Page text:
7/2/2011: Huayna: To High Camp

I'm so bad it is scary. I shouldn't be allowed outside of the house without a minder. I came *this* close to leaving my headlamp in the low camp…

During the night, I used my new pee bottle twice. The second time I was getting worried that I would overflow it, but I ended with it just totally full. I really didn’t want to put on a jacket and boots to dump it outside in the cold and dark.

When I returned to bed, I left my headlamp next to my mattress.

When I got up in the morning and packed up stuff, I didn’t notice the lamp and left it there. Just before we were ready to leave, when I was almost finished putting on my boots and gators, Sebastian was going through someone else's pack and happen to mention his headlamp. That suddenly brought my headlamp to mind, so I dashed back upstairs (with my boots on—bad bad) and got it. If I had left it, I would be spending the day in the hut instead of climbing.

Due to the snow, there was a slight change of plans—we were wearing our mountaineering boots on the hike to high camp. It is a weird feeling when putting on your boots winds you and leaves you gasping for breath. I can't say I recommend it.

We climbed in mixed cloud/fog, where it would briefly clear before closing in again. It snowed on us most of the way up.

One of the Bolivian Guides
Hiking Up
More Hiking Up

At one point we had to sign in with some staff people who live in a little house there.

Halfway up we climbed along a narrow ridge and then down to a little valley. There was a small stone ruin which was used to house the gate keeper. We stopped for lunch. The rest was good because right afterwards the trail got steep.

Normally the trail is just dirt and rock. But for us (lucky us!), there was the snow, which made it slipperier and harder. We only climbed 300 m (1000 feet) but by the end I had to stop every few steps and gasp for air 4 to 6 times before taking another few steps.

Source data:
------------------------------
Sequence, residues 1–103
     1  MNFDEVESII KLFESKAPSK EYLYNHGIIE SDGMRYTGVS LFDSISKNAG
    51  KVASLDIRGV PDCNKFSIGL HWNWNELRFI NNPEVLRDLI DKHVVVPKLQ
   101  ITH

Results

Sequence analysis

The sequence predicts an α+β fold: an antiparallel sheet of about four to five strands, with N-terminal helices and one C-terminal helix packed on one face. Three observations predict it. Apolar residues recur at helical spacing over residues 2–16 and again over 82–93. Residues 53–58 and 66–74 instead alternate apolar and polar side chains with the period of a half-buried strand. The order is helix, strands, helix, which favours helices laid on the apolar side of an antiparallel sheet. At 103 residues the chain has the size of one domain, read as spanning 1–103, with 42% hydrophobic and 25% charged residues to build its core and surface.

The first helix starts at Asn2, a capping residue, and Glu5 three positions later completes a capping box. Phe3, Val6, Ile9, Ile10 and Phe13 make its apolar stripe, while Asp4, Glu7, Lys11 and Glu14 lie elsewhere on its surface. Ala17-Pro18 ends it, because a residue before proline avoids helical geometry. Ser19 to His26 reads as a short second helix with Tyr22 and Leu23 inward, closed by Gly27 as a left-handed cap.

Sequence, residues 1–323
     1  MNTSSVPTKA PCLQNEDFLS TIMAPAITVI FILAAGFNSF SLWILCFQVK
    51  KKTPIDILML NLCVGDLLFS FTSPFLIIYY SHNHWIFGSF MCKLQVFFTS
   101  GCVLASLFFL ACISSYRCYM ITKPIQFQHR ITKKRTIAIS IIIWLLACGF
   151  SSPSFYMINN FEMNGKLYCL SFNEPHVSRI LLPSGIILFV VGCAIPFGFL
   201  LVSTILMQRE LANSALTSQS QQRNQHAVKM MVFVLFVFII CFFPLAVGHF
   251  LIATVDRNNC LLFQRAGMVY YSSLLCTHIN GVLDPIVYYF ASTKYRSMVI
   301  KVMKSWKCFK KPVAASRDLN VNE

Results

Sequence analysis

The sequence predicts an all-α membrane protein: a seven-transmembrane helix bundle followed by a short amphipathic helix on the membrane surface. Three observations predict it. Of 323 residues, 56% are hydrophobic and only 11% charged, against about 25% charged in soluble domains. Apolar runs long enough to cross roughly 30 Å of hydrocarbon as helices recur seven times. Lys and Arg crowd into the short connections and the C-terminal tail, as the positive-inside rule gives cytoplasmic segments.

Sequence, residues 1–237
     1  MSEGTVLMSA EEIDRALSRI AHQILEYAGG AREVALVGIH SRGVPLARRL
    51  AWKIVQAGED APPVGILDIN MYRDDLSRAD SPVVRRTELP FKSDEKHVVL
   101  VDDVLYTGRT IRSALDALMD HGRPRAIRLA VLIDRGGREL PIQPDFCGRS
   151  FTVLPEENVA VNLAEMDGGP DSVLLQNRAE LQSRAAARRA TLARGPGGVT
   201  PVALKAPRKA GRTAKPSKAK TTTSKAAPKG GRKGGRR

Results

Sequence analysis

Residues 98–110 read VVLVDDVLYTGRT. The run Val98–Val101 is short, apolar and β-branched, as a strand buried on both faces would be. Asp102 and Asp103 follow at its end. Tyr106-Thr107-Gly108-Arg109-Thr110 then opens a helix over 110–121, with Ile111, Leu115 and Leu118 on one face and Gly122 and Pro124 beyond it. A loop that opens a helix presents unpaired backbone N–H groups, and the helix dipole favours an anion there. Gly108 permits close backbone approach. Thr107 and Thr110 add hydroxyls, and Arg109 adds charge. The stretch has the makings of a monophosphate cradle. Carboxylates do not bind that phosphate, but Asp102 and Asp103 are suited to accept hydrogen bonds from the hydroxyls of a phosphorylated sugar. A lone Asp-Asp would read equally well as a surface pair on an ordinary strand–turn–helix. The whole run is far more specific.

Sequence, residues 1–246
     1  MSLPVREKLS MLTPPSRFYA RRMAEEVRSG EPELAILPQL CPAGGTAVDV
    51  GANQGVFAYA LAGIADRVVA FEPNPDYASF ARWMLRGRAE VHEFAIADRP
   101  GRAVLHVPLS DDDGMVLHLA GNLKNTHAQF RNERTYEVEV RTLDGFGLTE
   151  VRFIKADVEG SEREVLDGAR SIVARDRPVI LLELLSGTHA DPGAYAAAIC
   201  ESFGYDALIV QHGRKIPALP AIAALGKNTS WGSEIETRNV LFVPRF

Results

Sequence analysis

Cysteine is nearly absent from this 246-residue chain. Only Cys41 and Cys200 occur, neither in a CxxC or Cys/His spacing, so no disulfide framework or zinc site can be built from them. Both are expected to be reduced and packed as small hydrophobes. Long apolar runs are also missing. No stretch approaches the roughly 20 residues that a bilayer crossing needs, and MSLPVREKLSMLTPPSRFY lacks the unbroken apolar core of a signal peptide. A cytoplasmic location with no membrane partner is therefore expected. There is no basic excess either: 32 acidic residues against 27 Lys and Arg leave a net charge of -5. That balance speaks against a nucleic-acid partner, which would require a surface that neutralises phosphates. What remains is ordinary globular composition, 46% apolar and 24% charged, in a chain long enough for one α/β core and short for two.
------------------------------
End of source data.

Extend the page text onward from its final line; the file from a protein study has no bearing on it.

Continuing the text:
The scary part is that the following climb would be about three times longer (about 1000 m). It would be like climbing Mt Washington, but starting out at a higher altitude than Mount Rainier, and doing it on glaciers. There should be a few feet of new snow just to make life interesting. There might or might not be any view.

The higher hut has a “private room” that we were using. The downside was that it was rather cramped. Two walls contained bunk beds although for some unknown reason, the top bunk was so low that you couldn’t sit on the bottom bunk (and I am not particularly tall). The ceiling is pretty high, so I don't know why they didn't raise the top bunk slightly.

Pretty much all of the gear that I was wearing, my boots, gaiters, pants, jacket, pack, etc. were pretty damp or wet from hiking up in the snow.

View Past Outhouse During Rare Clearing

We went to bed probably around eight or so. I managed to fall asleep, despite having half my pack in my sleeping bag to dry out from the hike up. But around 10 or 11, I was getting hot, and I needed to pee. Fortunately I had my new pee bottle. The guides and our cooks were sleeping in the hallway, so going out would have been a pain even if I wanted to. So, despite it being a “public space” I just knelt on the floor and use the bottle. That worked well, but I never did fall asleep until 1 AM when it was time to get up.

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